On February 13, the European Commission adopted a new list of “high-risk” jurisdictions that the Commission identified as posing significant threats to the European Union’s financial system as a result of strategic deficiencies in their anti-money laundering and counter-terrorism financing (AML/CFT) frameworks. In addition to countries like North Korea, Iran, and Syria, the list also includes four US territories. In response, the US Department of Treasury expressed “significant concerns about the substance of the list,” which diverges from the list published by the Financial Task Force (FATF), as well as the “flawed process” by which the list was developed. As a result of the new list, banks in the EU will be required to exercise enhanced due diligence when dealing with customers and financial institutions from the listed countries and territories.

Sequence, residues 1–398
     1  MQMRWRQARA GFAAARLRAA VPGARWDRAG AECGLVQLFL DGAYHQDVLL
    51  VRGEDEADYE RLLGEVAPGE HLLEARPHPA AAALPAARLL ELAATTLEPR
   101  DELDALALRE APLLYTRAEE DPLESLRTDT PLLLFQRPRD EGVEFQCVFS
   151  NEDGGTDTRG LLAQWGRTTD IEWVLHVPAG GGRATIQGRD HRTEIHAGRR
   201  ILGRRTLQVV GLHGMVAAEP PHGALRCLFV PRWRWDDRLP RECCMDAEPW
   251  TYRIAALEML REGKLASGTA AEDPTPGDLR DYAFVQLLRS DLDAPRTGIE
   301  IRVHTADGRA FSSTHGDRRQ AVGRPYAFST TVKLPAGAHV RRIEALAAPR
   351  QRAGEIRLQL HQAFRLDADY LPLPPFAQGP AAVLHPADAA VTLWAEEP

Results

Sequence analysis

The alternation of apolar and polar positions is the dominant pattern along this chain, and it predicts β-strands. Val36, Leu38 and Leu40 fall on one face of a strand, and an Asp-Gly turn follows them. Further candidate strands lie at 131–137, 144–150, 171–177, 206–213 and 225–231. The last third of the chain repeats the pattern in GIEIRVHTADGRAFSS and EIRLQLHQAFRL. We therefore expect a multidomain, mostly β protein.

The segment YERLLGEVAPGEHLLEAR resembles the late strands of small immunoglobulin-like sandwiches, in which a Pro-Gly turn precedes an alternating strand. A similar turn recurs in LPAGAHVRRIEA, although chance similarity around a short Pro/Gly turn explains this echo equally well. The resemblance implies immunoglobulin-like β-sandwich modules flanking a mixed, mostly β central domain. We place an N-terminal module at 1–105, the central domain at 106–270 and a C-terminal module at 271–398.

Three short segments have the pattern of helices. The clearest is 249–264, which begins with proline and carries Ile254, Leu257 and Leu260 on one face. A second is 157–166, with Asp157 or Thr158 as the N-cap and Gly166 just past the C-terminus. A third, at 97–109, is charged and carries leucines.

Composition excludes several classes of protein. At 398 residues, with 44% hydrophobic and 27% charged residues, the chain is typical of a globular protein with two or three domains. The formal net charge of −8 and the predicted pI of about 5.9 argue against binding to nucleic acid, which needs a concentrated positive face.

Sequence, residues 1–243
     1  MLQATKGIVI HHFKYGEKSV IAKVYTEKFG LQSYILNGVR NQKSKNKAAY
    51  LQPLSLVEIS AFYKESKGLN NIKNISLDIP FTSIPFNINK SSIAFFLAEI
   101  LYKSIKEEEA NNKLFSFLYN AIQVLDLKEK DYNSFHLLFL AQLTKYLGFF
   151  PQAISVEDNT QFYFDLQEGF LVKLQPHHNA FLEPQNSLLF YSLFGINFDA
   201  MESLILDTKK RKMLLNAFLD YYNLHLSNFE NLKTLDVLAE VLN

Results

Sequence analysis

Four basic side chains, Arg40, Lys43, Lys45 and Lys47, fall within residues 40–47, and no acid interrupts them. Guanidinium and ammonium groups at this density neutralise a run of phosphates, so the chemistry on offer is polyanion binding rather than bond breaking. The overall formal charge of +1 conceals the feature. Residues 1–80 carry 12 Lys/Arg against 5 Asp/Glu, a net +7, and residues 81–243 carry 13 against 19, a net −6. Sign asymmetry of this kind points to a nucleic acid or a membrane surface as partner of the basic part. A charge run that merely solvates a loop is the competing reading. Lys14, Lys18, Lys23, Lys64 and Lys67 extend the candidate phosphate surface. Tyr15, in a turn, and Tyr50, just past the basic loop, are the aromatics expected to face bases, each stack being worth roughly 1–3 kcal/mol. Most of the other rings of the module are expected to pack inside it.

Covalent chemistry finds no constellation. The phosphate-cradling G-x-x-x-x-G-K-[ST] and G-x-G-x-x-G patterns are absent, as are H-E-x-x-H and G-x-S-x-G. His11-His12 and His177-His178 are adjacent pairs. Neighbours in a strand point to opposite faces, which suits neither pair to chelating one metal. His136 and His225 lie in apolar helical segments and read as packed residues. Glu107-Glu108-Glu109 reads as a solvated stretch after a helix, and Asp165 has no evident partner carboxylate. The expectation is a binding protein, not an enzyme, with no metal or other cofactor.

According to the Commission, the new list reflects the broadened criteria for the identification of high-risk jurisdictions under the EU’s Fifth Anti-Money Laundering Directive, which now includes “the availability of information on the beneficial owners of companies and legal arrangements” including trusts. In creating this list, the Commission “developed its own methodology to identify high-risk countries, which relies on information from the Financial Action Task Force, complemented by its own expertise and other sources such as Europol.” EU Justice Commissioner Věra Jourová stated that the list is aimed at ensuring that “dirty money from other countries does not find its way [into the EU’s] financial system,” and urged the listed countries “to remedy their deficiencies swiftly.” Continue Reading